Students return to celebrate Randel’s 80th birthday

Dr. Rick Rhodes, environment and life sciences dean at the University of Rhode Island (left) and Dr. Ron Randel, Texas A&M AgriLife Research animal physiologist, Overton, at Randel’s 80th birthday celebration. (Texas A&M AgriLife Extension Service photo by Adam Russell)

OVERTON – Dr. Rick Rhodes, environment and life sciences dean at the University of Rhode Island, journeyed to Overton late in May to celebrate the 80th birthday of the man who put him on track as a graduate student in 1978 – Dr. Ron Randel. 

Rhodes was one of more than 20 of Randel’s former graduate students and student interns who traveled from around the state and country to attend the birthday celebration and catch up with their mentor.

Rhodes counts Randel, a Texas A&M AgriLife Research animal physiologist based at the Texas A&M AgriLife Research and Extension Center in Overton, as a consummate mentor who has created a ripple effect within his research field and the application of reproductive animal physiology science.

“Dr. Randel really saved my life,” he said. “He took a kid who didn’t know what he wanted to do and was the guy who helped me find what I was going to spend the rest of my life doing.”

Rhodes was the first doctoral recipient who studied under Randel, who has since then guided 83 post-graduate students, including 47 masters and 33 doctoral graduates. He also noted Randel had produced more than 1,000 papers for science publications during his career.

Rhodes, in turn, has advised 60 graduate students, and some of his former students sit in leadership or administrative positions within academia and industry.

“It really does create a ripple effect that gains momentum,” Rhodes said. “Ron has a special talent that brings out the best in students who have potential. He helped me flourish academically and intellectually, and that translated to successes in the classroom and in the field. I hope to be half the mentor for my students that he was for me.”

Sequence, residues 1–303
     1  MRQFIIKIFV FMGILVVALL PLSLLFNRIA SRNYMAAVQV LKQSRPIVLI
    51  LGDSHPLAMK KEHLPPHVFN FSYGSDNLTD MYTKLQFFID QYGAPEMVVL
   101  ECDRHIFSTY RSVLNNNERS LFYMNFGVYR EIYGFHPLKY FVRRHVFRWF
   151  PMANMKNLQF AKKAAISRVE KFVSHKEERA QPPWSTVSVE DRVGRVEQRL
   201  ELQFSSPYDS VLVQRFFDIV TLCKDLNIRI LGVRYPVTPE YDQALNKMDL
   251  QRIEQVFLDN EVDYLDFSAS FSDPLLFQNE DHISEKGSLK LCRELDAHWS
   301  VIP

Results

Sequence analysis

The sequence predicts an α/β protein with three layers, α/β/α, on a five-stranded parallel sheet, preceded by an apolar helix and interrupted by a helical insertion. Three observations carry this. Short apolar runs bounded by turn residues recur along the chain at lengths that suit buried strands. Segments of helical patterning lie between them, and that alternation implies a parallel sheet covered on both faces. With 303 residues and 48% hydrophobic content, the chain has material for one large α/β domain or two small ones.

Dr. Charles Long, the Overton center’s resident director, said Randel has had a tremendous impact on animal agriculture in Texas, the U.S. and the world.

“His research and teaching will continue to enhance global cattle production for a very long time,” Long said. “He just turned 80; he hasn’t stopped working.”

Randel advanced to full professor in 1978 and was named a Faculty Fellow and a Regents Fellow in 1999, a Senior Faculty Fellow in 2005, and an American Society of Animal Science Fellow in 2007. He was designated a distinguished alumnus of both Washington State University and Purdue University.

He received the society’s Physiology and Endocrinology Award in 1996 and was recipient of the 2012 L.E. Casida Award for excellence in graduate education in physiology and endocrinology.

Randel said it was a wonderful surprise to be visited by so many former students.

“One of the most enjoyable aspects of my work at Overton has been working with graduate students and undergraduate interns,” Randel said. “It is extremely gratifying to see students you’ve mentored become exceedingly successful in their careers in academia, research, extension or industry.

“This has been one of the best experiences an 80-year-old professor could have; when students gather from all corners to reminisce with their fellows as well as the old guy.”

 

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